If, heaven forbid, you were hiking with me in the Cape mountains and we saw a fire sweeping towards us, my instruction might surprise you: “Run for the trees!”
People from the northern hemisphere and Australia would look at me like I were a lunatic: we all know pine and eucalyptus forests burn like a bonfire, and anyway – where are the trees? We’re supposed to be in shrubby, bushy fynbos.
But there they are: wedged into shady clefts and steep-sided ravines across the mountains – pockets of rich dark-green forest, clearly visible against the olive-grey of the surrounding fynbos. What are they doing there? Why don’t they burn?
It may equally surprise you to learn that, millions years ago, much of the Western Cape was covered in the stuff: Afro-montane Forest to give it its proper name. Huge, half-fossilised trees – some over 80 feet long – have been dug up from Cape Town to Stellenbosch.
Their origin is unclear – perhaps they are the remnants of a great forest belt that covered most of Africa. After all, stand in the forests on Table Mountain and you’re looking at half of the tree species that you’d find in a Rwandan forest full of mountain gorillas. Or maybe the forest trees were dispersed by migrating birds and were never much more extensive than they are now.
Either way, with the drying-up of the Cape’s climate and the subsequent arrival of fire around four million years ago, the forests retreated. Trees are tough but unable to take a roasting every 10 or 20 years. Fynbos plants – proteas, heathers and so on – moved in to fill the gap, adapting to the new fire regime and by the time the Europeans arrived, the forests had already been reduced to patchwork.
It’s a curious type of forest: view it from a distance and it looks like tropical rainforest, complete with giant ferns and hanging lianas. Step inside and it’s as cool and damp as a Welsh woodland. Dark too: these slow-growing forest trees keep their leaves for years, creating a permanent sun-blocking canopy and thus a largely uncluttered forest floor. And unlike its neighbouring fynbos, the Afro-montane Forests are not known for their floral diversity; there are only 33 species of natural tree on the Cape Peninsula compared with the 113 different kinds of heather that you’ll find in the local fynbos.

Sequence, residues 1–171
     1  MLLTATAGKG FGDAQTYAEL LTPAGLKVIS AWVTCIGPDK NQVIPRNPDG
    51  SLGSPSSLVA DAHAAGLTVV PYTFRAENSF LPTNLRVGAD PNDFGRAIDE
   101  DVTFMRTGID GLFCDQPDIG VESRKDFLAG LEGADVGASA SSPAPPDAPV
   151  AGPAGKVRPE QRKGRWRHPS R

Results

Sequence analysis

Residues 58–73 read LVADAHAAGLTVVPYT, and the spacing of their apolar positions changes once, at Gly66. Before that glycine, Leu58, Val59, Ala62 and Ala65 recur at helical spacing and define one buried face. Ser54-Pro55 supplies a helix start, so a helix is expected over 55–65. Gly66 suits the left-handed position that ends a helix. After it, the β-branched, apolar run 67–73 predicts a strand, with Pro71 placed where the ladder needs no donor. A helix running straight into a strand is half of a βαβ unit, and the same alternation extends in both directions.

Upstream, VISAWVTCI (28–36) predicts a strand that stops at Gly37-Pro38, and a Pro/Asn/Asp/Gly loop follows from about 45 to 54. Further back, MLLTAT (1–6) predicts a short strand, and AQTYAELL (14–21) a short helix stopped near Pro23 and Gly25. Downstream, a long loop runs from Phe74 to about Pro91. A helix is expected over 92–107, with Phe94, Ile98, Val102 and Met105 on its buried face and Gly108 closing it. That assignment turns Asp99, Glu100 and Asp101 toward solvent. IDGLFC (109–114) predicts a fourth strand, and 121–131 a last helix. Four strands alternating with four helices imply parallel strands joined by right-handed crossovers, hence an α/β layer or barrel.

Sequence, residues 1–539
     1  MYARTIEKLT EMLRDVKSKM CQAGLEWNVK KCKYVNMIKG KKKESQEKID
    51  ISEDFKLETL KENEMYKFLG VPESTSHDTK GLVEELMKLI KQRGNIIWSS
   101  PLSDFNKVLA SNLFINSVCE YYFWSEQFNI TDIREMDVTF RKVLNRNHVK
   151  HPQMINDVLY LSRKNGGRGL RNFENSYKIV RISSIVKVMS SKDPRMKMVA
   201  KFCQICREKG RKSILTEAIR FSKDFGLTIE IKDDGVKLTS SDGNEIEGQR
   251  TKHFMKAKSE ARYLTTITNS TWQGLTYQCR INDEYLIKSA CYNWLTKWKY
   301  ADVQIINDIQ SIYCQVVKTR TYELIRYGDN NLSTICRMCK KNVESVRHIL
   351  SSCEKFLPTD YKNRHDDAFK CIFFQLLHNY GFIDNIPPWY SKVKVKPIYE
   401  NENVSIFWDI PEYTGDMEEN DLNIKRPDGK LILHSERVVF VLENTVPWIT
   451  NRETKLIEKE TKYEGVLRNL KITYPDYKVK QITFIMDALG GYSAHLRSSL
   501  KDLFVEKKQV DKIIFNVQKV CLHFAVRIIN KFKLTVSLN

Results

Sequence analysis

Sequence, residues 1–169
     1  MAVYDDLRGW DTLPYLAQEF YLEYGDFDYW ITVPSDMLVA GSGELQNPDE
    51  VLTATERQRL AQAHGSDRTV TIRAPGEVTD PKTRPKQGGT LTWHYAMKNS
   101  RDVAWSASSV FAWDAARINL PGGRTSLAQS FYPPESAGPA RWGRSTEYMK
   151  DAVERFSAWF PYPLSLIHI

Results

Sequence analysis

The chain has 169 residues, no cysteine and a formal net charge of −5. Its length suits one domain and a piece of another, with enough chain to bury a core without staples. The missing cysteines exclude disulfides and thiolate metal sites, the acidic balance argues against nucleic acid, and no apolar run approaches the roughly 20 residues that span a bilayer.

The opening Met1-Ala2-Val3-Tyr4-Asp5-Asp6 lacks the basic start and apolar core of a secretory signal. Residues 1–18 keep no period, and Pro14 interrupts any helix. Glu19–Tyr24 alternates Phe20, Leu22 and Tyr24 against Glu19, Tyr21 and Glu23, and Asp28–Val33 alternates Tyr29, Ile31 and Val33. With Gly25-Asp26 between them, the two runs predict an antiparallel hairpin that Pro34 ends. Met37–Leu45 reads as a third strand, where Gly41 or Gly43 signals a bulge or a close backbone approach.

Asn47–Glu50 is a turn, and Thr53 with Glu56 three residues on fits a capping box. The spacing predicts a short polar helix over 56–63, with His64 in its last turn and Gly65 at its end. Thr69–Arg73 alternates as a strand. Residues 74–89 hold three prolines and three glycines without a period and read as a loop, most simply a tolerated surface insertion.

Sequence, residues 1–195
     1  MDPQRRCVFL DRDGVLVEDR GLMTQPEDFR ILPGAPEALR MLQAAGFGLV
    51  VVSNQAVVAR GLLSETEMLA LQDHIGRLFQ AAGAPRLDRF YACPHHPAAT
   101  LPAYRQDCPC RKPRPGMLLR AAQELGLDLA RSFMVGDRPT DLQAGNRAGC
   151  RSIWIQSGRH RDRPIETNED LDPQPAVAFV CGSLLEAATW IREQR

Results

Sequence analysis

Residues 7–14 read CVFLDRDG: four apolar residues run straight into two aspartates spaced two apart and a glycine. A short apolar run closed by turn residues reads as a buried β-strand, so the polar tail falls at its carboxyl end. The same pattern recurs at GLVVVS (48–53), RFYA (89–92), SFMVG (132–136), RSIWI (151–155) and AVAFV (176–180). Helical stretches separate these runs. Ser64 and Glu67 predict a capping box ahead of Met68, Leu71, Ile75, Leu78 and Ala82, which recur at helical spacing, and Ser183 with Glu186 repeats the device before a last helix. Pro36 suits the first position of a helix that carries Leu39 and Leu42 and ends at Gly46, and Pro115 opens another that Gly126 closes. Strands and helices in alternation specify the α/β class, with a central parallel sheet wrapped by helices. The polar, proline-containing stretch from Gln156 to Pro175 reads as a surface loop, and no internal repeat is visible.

You’ll know some of the trees: Real Yellowwoods (Podocarpus latifolius) – great furniture – and Wild Olives (Olea europaea africana) for example, while the names of others reveal their traditional use or character: Assegai (Curtisia dentata) – once used to make the shafts of spears (assegais); Ironwood (Olea capensis) – hard to cut; and Stinkwood (Ocotea bullata) – unpleasant to cut. One of the most famous forest trees is actually a protea, the enormous Wild Almond (Brabejum stellatifolium) whose swollen sprawling branches were crafted by Dutch settlers into South Africa’s first security fence, still visible at Kirstenbosch Botanical Gardens.
The forests are oddly quiet too: not much to hear other than a vague hum of insects and a handful of forest birds although Afro-montane Forest is certainly home to more animals (mostly invertebrates) than fynbos which is infamous for its lack of animal life. Bird calls are the most obvious sign of life: it’s impossible to walk in the Cape’s mountain forests without hearing the strident whistle of the thrush-like Sombre Greenbul (Andropadus importunus) and it’d be unusual not to pick up the rattling call of a local flycatcher, the Cape Batis (Batis capensis), like someone shaking a box of matches at you.
Which is all very well but these mountains have been ravaged by fire for millions of years – why don’t they burn? Their location is part of it: these forests are invariably found in sheltered valleys with permanent water and loamy damp soil. The leaves of the forest trees are not especially flammable (compared to the dry, oil-laden shrubs of fynbos) and the forest flanks are often protected by dripping mossy walls.
But not always: these Afro-montane Forests will nearly always have some kind of interface with fire-prone fynbos, and that’s where the most fascinating aspect of the forests is found. Virgilia divaricate is known as a Keurboom – the ‘choice tree’- and it’s a fast-growing member of the pea family with a flower that smells like a fruit salad. Along with other broad-leaved shrubs, Keurboom forms a fire-resistant barrier between fynbos and forest, soaking up the flames that rampage through fynbos but preventing them from reaching the forest core.
Walk in fynbos after a fire and it’s like the place has been napalmed. Take three or four big strides through the charred buffer zone and into the forest patches and you’ll find them untouched – it’s uncanny, rather like walking off a busy street and into the cool, hushed atmosphere of a cathedral.
Want to see for yourself? The nearest Afro-montane Forest to Cape Town is at the back of Kirstenbosch Botanical Gardens but the largest patch of remaining forest is the peerless Orange Kloof, hidden away in the interior of Table Mountain and accessible by permit only. Try Leopard Kloof at the Harold Porter Botanical Gardens in Betty’s Bay or if you are on the Garden Route then you have the well-known Knysna Forests to explore – who knows, maybe you’ll see the forest’s last remaining elephant: after all, these forests are full of surprises.